| Brunilde Ridgway|
| Guggenheim Fellowship for Humanities, US & Canada, Gold Medal of the Archaeological Institute of America|
Fourth‑century styles in Greek sc, The archaic style in Gr, Roman copies of Greek sc, Prayers in Stone: Greek Arc, Second Chance: Greek Sc
Bryn Mawr College (1958)
Brunilde Sismondo Ridgway Wikipedia
Brunilde Sismondo Ridgway (born 1929 in Chieti) is an Italian archaeologist and specialist in ancient Greek sculpture.
The daughter of an Italian officer, she spent her childhood in Ethiopia and Eritrea, where her father was stationed. After World War II, she studied classics at the University of Messina, where she obtained her degree in classics in 1953. An archaeology scholarship and Fulbright Travel Grant allowed her to continue her studies at Bryn Mawr College in Pennsylvania, where she came under the tutelage of Rhys Carpenter. At the end of her MA, she wrote her thesis on Archaic sculpture at the American School of Classical Studies at Athens. She received her Ph.D in 1958 and returned as a teacher to Bryn Mawr, where she spent most of her career. In 1977 she was named Rhys Carpenter Professor of Classical and Near Eastern Archaeology, which she held until her retirement in 1994. In 1988 she won the Gold Medal of the Archaeological Institute of America. She married the physical therapist Henry W. Ridgway in 1958.
Brunilde Ridgway is, in keeping with her mentor Rhys Carpenter, a follower of the radical questioning of the Meisterforschung, or search for the masterpiece or archetype that inspired a replica series, that dominated the history of Greek art since Adolf Furtwängler. Elaborating on Carpenter's remark that Greek sculpture is “the anonymous product of an impersonal craft,” she maintains that the notion of the artistic personality doesn’t emerge in the West before the 15th century AD. She also addresses the Kopienforschung ("copy research") of Johann Joachim Winckelmann, who is finding a type statuary through its Roman copies, focusing on identifying the originality of Roman sculptors. Rather sceptical vis-à-vis the literary sources, she sticks to the stylistic analysis of the works.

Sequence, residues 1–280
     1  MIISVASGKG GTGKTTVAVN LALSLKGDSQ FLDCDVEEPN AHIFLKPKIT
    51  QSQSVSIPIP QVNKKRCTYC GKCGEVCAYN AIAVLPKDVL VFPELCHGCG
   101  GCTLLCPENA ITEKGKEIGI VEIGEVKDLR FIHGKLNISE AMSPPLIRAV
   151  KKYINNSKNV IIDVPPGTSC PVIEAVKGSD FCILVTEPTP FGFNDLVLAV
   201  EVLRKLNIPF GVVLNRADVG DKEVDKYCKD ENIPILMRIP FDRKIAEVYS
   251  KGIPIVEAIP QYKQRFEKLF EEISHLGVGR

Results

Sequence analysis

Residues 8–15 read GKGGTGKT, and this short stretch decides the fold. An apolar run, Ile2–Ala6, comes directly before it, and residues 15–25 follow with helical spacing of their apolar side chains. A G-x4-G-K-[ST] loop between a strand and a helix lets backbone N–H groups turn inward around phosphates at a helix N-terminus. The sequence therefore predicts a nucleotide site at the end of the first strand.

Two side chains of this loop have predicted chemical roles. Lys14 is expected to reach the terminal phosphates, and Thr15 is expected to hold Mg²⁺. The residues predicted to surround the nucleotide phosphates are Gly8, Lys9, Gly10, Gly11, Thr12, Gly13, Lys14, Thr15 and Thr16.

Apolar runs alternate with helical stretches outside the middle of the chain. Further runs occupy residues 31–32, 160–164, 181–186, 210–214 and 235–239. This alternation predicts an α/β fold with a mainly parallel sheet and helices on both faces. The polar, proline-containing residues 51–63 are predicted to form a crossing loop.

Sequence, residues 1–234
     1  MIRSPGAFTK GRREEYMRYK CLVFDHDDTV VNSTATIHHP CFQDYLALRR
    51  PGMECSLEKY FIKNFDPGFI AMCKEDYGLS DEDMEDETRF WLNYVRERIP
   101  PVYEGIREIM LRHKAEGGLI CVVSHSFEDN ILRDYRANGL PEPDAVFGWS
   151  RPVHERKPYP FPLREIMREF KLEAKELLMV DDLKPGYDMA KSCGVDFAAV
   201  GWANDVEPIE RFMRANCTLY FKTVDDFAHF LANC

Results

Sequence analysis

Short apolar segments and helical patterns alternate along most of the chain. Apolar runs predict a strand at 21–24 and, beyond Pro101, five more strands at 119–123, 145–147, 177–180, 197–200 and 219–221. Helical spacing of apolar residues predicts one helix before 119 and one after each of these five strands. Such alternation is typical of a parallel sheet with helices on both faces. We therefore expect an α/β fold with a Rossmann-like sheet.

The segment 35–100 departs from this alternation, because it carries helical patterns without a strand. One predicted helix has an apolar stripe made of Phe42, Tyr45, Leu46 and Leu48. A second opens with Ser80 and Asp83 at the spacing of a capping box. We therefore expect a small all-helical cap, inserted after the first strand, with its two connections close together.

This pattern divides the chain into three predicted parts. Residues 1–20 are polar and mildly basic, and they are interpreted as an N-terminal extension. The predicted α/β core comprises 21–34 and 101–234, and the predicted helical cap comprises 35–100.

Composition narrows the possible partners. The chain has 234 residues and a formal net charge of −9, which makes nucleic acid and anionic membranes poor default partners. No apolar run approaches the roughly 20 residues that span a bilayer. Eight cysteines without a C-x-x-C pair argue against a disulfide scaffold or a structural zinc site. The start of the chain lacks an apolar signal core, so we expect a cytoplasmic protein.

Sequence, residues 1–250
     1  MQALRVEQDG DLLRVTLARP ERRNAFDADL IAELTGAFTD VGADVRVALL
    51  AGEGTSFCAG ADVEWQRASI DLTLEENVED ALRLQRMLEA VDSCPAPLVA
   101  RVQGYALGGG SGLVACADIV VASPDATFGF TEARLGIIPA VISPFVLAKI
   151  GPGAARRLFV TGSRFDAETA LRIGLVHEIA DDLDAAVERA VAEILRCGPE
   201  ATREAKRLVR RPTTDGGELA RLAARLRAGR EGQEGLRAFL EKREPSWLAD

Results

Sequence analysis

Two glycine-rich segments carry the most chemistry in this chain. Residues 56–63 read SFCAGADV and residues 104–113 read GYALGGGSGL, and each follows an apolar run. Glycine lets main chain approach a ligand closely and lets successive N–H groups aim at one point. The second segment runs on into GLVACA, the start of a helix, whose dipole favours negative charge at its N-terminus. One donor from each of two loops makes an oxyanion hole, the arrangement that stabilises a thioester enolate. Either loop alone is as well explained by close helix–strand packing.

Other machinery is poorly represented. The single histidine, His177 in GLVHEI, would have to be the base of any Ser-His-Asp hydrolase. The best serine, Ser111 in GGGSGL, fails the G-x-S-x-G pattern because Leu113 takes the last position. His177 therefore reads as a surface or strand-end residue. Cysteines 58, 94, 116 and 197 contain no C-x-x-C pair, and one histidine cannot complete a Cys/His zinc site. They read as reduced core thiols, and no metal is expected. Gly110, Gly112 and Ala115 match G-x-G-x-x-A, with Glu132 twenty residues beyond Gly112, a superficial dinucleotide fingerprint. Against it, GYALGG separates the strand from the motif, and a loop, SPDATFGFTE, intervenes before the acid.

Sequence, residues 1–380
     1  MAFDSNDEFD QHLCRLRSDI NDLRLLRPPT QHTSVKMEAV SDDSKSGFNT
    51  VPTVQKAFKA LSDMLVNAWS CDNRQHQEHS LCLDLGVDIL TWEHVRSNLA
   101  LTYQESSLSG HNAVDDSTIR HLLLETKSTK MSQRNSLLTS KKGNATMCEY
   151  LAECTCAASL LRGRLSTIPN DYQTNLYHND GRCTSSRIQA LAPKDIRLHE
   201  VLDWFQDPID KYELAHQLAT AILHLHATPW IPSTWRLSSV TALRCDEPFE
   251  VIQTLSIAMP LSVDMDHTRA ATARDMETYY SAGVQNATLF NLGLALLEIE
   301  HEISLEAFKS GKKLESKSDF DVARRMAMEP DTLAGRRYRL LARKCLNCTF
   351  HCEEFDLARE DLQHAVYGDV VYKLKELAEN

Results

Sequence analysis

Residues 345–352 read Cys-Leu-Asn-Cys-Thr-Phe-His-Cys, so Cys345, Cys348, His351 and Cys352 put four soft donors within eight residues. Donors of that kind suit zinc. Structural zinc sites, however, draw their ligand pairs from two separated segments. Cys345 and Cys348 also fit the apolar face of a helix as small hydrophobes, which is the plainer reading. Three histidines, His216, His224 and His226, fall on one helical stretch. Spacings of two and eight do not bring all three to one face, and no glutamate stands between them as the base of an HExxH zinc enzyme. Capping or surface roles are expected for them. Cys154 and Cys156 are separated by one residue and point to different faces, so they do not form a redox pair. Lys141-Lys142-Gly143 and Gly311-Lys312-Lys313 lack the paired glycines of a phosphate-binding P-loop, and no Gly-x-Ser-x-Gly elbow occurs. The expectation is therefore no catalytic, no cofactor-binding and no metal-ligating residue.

Known for the safety of her erudition and for the stimulating quality of its analyses, it has been criticized, like Carpenter, for what was described as a "devastating" or "systematic scepticism”, or revisionism.
Her main works and writings are:Severe Style in Greek Sculpture, Princeton University Press, 1970.
"The Aphrodite of Arles", in American Journal of Archæology, vol. 80, No. 2 (Spring 1976), pp. 147–154.
The Archaic Style in Greek Sculpture, Princeton University Press, 1977 (revised and expanded edition in 1993).
Fifth Century Styles in Greek Sculpture, Princeton University Press, 1981.
"The State of Research in Ancient Art" in Art Bulletin, LXVIII (1986), pp. 8–23.
Fourth-Century Styles in Greek Sculpture, University of Wisconsin Press, 1997.
Hellenistic Sculpture I: The Styles of ca. 331-200 BC, University of Wisconsin Press, 1990
Roman copies of Greek Sculpture: The Problem of the Originals,The Jerome Lectures University of Michigan Press, 1984
Hellenistic Sculpture II: The Styles of ca. 200-100 BC, University of Wisconsin Press, 2000
Hellenistic Sculpture III: The Styles of ca 100-31 BC, University of Wisconsin Press, 2002
"Prayers in Stone: Greek Architectural Sculpture (c. 600-100 B.C.E) " (the Sather Lectures 1996, vol. 63) (U. of CA Press,1999)Second Chance: Greek Revisited Sculptural Studies, University of Wisconsin Press, Pindar Press, 2004.